Don’t get me wrong; it makes sense. If Harry Potter just opened up by talking about a guy named Harry who wore glasses and was almost a teenager and wasn’t sure what to do with his life or who his friends were and was mediocre when it came to school, but he was okay at it and……

… If that were the case, that book would end up in someone’s fire or toilet paper stand. There has to be progression. Yes, I get that. You have to have something happen. In fact, it’s best if you have a whole shit ton of things happen, each one throwing the reader off, but still making sense. And on and on et cetera..

Yeah, I get it. I just think there should be something said for good writing as well. Not that it can only be good writing, because again, if your “good-writing” about nothing, then you’re giving you’re giving your keyboard a hand job, and yes, you write, but what’s the point? I’m talking about writing a good story AND you know how to write good prose. There has been a sizable handful of books which I have put down (against the raging applause of the masses on how good the story is) because I just couldn’t take the writing anymore. My go-to story is always Sanderson’s Mistborn. I got 400 pages into that book and I had given a liberal dose of grammar and good prose passes (subjective, yes, but aren’t all books subjective when they’re in individual hands?). I had to put it down.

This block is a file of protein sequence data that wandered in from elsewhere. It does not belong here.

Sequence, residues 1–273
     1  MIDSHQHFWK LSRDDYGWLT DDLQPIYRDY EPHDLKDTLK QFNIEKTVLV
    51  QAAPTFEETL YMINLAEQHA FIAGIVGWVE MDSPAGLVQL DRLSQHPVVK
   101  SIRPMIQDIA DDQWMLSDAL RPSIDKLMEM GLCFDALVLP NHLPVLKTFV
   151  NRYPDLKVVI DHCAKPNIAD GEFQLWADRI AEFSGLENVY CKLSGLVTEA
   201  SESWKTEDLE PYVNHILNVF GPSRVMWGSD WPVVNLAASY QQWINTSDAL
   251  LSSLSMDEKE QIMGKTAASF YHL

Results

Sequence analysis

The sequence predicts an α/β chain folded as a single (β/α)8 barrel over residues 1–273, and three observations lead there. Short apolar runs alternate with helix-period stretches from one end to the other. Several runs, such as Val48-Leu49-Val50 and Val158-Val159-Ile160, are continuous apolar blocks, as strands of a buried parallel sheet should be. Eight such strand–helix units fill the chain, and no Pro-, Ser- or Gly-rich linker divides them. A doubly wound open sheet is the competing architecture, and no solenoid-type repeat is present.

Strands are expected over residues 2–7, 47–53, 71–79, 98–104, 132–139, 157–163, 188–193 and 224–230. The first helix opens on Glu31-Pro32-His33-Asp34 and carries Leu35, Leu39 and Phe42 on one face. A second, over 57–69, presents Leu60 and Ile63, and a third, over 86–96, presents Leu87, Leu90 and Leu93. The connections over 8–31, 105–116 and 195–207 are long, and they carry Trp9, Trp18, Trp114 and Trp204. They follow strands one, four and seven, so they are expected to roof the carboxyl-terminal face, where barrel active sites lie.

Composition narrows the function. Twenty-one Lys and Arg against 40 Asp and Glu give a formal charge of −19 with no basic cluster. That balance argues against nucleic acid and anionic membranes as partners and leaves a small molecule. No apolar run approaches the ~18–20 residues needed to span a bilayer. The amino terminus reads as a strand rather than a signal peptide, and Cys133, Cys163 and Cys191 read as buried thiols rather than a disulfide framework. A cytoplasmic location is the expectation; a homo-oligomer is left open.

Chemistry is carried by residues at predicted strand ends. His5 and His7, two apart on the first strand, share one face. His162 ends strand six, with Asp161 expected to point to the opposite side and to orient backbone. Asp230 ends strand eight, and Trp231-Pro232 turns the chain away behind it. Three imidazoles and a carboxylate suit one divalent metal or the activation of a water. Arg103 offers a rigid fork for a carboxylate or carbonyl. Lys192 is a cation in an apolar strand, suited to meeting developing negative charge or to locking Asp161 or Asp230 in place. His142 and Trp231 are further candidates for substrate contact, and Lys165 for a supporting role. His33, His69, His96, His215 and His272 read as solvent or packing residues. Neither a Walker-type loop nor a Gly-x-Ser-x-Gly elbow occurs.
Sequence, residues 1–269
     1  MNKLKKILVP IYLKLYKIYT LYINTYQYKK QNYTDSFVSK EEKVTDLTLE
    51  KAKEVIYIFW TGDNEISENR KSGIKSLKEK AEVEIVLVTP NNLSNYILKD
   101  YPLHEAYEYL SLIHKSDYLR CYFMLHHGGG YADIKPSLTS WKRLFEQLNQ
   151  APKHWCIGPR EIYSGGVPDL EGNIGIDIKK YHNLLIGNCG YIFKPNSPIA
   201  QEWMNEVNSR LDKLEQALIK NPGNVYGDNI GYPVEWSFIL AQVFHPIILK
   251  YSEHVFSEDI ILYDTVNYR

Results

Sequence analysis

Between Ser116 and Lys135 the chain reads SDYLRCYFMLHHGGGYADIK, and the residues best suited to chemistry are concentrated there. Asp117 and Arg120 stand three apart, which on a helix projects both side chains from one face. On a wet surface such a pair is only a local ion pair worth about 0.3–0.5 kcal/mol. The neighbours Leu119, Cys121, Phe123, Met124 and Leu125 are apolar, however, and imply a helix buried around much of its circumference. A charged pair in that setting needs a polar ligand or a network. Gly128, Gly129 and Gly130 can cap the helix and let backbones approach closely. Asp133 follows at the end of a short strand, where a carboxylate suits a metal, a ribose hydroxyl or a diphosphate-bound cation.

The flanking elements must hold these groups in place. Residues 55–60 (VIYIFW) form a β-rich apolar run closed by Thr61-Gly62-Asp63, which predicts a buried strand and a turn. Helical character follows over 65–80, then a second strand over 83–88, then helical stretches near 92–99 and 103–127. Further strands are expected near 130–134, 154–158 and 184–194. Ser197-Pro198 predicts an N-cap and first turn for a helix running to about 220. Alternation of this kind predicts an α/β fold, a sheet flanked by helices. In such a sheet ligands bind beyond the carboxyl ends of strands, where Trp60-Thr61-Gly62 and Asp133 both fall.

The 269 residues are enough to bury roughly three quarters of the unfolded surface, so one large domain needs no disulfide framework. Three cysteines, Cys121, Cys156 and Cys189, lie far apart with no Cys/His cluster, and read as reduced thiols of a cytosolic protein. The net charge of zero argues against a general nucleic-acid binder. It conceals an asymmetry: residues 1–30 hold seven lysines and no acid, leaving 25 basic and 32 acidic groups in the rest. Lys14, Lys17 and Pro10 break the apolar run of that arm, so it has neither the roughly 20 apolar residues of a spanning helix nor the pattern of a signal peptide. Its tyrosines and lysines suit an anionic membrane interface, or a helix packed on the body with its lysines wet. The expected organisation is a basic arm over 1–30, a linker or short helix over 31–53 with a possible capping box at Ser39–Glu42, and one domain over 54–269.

The masters out there are masters of both. They know how to use their craft and make (as Gaiman says) good art.

I agree with you, Chuck. I don’t think it’s right necessarily, but c’est la vie. The point is, write. Writers write. As much as my readerly self doesn’t like shit prose, my writerly self lauds the fact that at least they made it to the shelf of readership. What does that say about the masses and literature? I don’t know. No, it’s not England in the 1800s anymore and this is not the literate society Simon Winchester mentioned in the beginning of The Meaning of Everything.

They want story. You’re a writer. Give them a goddamn story. Even if it’s not the story they want. Your job is to make a story. Write like a cracked-out booknana-lovin’ monkey, and give them a fucking story.